[The plaintiff’s construction] destroys the efficacy of emergency powers when it is important to be able to break glass [in case of emergency], to override other laws to respond to the magnitude of the threat.

The hearing continues after lunch.

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11.03pm EDT

New Zealand health authorities have just released the following statement relating to the case in NSW:

New Zealand officials are in contact with Australian counterparts following the confirmation of a positive case of Covid-19 in the community in Sydney reported yesterday.

Information about locations of interest visited by the case is available on the New South Wales health website.

Anyone in New Zealand who has been at any of the locations of interest at the specified times should contact Healthline on 0800 358 5453, self-isolate and be tested as soon as possible.

Individuals in Australia who were at a location of interest at the specified times should follow New South Wales health advice regarding isolation and testing, and should not travel to New Zealand. The ministry has requested airlines communicate this message to anyone before flying to New Zealand from New South Wales.

At this stage, our public health assessment is that the risk remains low.

We expect to be able to provide a further update on the situation in Sydney later today.

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10.55pm EDT

With that, I shall leave you for the day! Nino Bucci is here to take you through the next few hours of news. (Hopefully they will be more positive than the last few.)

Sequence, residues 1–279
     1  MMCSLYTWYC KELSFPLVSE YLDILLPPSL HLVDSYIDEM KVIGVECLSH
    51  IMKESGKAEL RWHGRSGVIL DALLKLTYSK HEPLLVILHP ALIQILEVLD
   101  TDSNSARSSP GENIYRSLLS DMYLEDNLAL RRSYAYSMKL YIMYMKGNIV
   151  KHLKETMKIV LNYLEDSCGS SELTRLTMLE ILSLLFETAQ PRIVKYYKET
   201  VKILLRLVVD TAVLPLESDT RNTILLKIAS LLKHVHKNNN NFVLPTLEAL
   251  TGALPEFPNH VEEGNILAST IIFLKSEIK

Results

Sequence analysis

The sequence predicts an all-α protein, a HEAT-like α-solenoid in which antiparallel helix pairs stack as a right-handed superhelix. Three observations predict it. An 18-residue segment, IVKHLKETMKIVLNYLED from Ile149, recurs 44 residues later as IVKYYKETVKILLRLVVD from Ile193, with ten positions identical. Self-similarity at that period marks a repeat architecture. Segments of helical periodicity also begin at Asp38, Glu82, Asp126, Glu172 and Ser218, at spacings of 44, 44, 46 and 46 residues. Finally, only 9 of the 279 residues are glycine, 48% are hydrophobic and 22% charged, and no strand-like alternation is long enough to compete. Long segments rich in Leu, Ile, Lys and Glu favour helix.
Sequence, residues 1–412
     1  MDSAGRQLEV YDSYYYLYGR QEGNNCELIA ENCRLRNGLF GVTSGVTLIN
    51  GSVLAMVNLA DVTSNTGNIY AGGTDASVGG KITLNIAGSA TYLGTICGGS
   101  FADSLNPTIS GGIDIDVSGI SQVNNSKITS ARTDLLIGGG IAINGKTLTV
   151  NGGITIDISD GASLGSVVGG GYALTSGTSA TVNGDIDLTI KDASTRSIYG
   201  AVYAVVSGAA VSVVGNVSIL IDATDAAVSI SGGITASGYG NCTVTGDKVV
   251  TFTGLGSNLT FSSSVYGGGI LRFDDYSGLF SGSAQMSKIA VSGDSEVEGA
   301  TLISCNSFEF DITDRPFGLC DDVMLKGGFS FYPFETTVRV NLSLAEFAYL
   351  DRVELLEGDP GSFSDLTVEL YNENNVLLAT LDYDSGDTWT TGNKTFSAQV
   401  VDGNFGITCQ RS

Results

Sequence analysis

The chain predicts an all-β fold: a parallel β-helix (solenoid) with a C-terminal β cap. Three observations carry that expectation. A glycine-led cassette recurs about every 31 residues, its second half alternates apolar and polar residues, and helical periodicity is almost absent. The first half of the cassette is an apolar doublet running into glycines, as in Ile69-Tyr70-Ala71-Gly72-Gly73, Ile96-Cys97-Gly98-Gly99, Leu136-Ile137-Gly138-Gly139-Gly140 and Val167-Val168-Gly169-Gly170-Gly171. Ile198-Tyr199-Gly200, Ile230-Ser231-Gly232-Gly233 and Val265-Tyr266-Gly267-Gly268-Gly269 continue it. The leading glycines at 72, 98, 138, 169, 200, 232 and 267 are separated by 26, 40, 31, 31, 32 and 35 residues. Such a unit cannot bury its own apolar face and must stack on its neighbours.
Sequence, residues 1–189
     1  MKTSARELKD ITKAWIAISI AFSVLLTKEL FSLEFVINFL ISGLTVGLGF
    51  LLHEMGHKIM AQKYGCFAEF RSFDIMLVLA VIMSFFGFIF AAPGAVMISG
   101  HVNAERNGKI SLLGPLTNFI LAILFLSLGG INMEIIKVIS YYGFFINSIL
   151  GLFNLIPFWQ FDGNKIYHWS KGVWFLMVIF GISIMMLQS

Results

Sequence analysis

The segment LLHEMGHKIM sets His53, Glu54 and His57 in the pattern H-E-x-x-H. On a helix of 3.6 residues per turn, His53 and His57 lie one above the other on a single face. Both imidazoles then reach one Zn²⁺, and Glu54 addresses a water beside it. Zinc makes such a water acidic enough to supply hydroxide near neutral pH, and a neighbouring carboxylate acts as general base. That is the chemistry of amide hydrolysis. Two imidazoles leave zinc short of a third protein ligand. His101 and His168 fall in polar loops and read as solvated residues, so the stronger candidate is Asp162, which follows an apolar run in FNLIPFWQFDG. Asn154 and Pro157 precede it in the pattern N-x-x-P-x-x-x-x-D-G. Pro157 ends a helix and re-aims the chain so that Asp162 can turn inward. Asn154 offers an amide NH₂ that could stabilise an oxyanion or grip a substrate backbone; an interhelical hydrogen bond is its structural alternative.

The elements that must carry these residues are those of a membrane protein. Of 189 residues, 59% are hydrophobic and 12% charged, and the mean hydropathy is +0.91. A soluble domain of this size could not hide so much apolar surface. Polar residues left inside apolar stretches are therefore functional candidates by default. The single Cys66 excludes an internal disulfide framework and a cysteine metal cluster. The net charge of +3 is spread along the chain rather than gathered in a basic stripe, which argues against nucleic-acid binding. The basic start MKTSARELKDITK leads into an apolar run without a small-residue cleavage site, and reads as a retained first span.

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10.53pm EDT

Just in case you were wondering, the two local cases listed in the NSW numbers today include the woman announced today and her husband, who was announced yesterday (after the cut-off for Wednesday’s numbers).

NSW Health

NSW recorded two new locally acquired cases of COVID-19 in the 24 hours to 8pm last night. Nine new cases were acquired overseas to 8pm last night.

May 6, 2021

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10.48pm EDT

Man, 70, in hospital for blood clots ‘likely’ linked to AstraZeneca jab

News has just come through of a second blood clotting case with likely links to the AstraZeneca jab, this time in a 70-year-old man from Tasmania.

The health department has just released a statement:

The Tasmanian Department of Health has convened an expert alert advisory panel to review a case of suspected thrombosis with thrombocytopenia syndrome (TTS) following vaccination with the AstraZeneca Covid-19 vaccine.

The patient, a 70-year-old man, reported symptoms seven days after receiving the vaccine. He is currently in hospital receiving treatment and remains in a stable condition…

The TGA has today confirmed that this case (together with four cases from other states) has been assessed as TTS, likely to be linked to the AstraZeneca Covid-19 vaccine.

Tasmania’s acting director of public health, Dr Scott McKeown, urged people to still sign up for the vaccine.

He said in the statement: